Following this new surge, Ehanire said the Federal Ministry of Health in collaboration with Federal Tertiary hospitals have begun work on the reactivation of treatment centres, assessing resources available and needed and alerting frontline health workers. He also said the ministry will be strengthening the COVID-19 home care treatment protocol for asymptomatic and mild cases and community based care by the National Primary Healthcare Development Agency, in management of moderate to severe cases.
The minister further said that government has commenced inventory taking and plan to distribute wide a range of resources available in our warehouses, according to need. These include PPEs commodities, equipment and consumables for deployment to treatment centres. To strengthen manpower needs, we shall step up continuous nationwide training of various cadres of health workers, especially ICU nurses, intensivists, Biomedical Engineers, to ensure proper utilisation and maintenance of ventilators and critical equipment, while improving knowledge and skills of personnel, as we learn more about COVID-19.
On the backend, the minister said a Technical Working Group of the Federal Ministry of Health on COVID-19 is examining modalities to obtain access to vaccines for Nigeria. He said the committee is in conversation with the WHO-GAVI on the COVAX- AMC facility, to support 180 lower and lower middle income countries to access anti-COVID vaccines.
According to Ehanire, the Afro Regional Director of the World Health Organisation, Dr. Moeti has assured that only 20 per cent of the quantity of vaccines required for Low and Lower Middle Income countries will be made available to Nigeria through the Covax initiative as high income countries have secured first rights to vaccines rights for all their citizens, and in some cases, for double their population. The minister revealed that African Union has set up an African Vaccine Acquisition Team (AVAT), aiming to acquire vaccines for up 60 per cent of the population.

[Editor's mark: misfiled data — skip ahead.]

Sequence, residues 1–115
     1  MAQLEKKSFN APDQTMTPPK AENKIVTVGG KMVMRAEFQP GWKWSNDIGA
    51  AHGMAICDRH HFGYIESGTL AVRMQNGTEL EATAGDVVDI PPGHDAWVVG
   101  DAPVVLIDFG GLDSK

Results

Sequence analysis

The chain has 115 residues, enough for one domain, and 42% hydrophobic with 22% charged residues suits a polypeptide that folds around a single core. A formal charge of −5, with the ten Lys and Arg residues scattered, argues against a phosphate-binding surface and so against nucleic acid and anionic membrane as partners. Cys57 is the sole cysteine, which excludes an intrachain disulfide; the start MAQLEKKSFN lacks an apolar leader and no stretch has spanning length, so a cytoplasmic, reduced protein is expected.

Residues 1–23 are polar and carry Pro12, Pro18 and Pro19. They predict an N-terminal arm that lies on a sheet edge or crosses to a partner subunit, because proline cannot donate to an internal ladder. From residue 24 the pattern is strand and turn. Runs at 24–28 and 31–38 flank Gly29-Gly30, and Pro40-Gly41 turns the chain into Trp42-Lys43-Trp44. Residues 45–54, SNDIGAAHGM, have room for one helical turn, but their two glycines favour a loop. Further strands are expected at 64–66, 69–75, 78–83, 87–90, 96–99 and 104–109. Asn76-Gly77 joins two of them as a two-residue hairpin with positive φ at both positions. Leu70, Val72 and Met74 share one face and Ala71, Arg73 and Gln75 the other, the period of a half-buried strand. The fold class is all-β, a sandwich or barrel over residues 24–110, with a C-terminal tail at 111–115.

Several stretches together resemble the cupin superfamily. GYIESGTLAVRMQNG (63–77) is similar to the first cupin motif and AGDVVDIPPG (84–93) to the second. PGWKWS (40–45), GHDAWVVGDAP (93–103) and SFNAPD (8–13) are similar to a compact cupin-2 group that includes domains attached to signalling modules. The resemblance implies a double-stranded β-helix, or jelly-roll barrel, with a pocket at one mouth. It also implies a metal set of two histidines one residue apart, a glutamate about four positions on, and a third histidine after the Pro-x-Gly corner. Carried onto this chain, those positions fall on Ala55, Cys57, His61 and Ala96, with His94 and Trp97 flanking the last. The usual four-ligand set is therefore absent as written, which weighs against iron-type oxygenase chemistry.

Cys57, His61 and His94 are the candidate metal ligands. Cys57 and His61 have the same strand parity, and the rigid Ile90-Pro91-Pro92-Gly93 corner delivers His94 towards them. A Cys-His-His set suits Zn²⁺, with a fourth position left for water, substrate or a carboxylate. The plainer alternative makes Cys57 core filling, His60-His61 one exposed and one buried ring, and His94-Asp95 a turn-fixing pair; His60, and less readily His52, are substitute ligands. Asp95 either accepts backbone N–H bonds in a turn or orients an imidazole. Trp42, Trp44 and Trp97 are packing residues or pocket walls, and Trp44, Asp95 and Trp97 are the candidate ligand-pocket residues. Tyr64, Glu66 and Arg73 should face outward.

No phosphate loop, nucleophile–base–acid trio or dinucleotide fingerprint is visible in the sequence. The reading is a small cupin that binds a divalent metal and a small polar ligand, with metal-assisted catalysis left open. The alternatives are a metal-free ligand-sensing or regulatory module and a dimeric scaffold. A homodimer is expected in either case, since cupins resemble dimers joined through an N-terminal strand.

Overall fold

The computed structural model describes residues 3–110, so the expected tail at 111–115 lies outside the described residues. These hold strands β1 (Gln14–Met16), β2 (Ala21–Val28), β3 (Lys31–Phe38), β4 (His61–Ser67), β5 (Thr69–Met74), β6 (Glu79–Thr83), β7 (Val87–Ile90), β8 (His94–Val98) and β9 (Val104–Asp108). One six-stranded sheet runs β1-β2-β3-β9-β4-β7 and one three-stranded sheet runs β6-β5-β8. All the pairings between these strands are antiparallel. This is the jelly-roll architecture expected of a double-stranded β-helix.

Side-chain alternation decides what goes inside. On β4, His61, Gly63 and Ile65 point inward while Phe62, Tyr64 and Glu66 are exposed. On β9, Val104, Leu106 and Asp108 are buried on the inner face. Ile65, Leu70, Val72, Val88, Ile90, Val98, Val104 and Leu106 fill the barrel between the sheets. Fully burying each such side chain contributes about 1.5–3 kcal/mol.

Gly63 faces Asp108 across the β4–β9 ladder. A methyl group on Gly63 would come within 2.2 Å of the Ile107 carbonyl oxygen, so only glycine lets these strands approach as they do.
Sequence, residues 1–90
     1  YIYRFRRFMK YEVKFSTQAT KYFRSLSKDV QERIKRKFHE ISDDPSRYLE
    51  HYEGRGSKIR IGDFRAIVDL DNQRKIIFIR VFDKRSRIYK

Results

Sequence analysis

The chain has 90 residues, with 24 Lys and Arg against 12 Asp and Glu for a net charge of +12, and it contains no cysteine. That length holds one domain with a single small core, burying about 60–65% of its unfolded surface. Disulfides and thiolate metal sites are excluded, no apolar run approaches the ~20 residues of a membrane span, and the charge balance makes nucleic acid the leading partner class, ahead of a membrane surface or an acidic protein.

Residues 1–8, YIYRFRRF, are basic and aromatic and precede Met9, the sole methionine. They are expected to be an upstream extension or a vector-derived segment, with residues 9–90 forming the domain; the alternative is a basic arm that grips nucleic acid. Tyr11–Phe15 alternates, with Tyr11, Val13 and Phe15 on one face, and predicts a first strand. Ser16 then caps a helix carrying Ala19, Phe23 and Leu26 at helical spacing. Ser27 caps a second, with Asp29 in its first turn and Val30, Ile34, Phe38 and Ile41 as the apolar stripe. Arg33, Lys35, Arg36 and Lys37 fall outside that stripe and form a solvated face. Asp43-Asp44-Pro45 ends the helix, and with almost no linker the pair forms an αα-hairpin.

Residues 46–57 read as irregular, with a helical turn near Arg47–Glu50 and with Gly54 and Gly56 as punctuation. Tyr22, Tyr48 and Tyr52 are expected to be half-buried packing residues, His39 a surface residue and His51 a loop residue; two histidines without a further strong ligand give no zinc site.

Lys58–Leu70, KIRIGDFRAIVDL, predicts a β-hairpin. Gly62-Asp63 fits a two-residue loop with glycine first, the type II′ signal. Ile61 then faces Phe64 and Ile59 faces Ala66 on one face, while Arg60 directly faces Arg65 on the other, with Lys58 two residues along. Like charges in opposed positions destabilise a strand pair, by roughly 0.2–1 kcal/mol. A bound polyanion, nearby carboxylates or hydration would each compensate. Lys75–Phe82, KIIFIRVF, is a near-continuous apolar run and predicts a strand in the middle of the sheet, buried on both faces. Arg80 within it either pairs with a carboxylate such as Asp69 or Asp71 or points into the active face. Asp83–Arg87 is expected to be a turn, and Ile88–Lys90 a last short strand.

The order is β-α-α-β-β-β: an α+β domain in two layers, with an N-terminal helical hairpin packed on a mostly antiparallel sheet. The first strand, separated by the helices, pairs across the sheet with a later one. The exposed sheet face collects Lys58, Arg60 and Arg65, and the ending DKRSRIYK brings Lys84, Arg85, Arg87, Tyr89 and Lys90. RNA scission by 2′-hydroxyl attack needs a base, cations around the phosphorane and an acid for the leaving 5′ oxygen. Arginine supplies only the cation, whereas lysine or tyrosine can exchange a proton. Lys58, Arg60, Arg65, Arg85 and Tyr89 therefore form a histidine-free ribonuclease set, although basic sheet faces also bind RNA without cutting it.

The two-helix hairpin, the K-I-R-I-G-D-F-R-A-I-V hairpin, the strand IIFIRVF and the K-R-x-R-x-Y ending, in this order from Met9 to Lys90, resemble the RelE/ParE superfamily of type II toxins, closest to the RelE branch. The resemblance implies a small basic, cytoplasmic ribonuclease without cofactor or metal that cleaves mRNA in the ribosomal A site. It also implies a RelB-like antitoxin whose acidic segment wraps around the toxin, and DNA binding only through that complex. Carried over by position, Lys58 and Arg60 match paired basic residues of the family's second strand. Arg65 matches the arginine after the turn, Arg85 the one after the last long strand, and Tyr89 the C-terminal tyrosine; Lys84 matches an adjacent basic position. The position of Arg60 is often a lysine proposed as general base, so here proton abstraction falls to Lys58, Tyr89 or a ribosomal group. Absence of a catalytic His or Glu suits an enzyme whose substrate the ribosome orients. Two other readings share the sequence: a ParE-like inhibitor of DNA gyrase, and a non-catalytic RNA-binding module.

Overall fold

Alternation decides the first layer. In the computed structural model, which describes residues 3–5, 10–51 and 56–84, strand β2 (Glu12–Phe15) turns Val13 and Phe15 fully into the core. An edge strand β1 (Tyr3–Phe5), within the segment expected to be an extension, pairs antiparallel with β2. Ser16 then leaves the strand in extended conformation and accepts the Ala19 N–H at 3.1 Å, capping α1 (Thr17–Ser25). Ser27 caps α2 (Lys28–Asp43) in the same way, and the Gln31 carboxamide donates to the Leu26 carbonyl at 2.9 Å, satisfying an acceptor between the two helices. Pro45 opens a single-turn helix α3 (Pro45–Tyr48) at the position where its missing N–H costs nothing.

Stance of Health Professionals
On his part, the President of Nigeria Medical Association (NMA), Prof. Innocent Ujah said that the current spike in COVID-19 infection was largely predictable. Ujah said that it was predicted and at the same time expected that everyone should be prepared for it, adding that if it was happening in other climes, “we will expect that it will also come to Nigeria. That is why we are preaching, appealing and advocating for strict compliance to NCDC protocol so that we can”.
Also the Nigerian doctors under the auspices of the NMA met recently in Awka, the Anambra State capital and issued a communiqué stating their fears over the rate of violation of COVID-19 protocol and it’s implications. The doctors made a passionate appeal to all Nigerians to take the COVID-19 prevention advisories very seriously in order to interrupt the transmission reduce ill-health and deaths from the dreaded disease.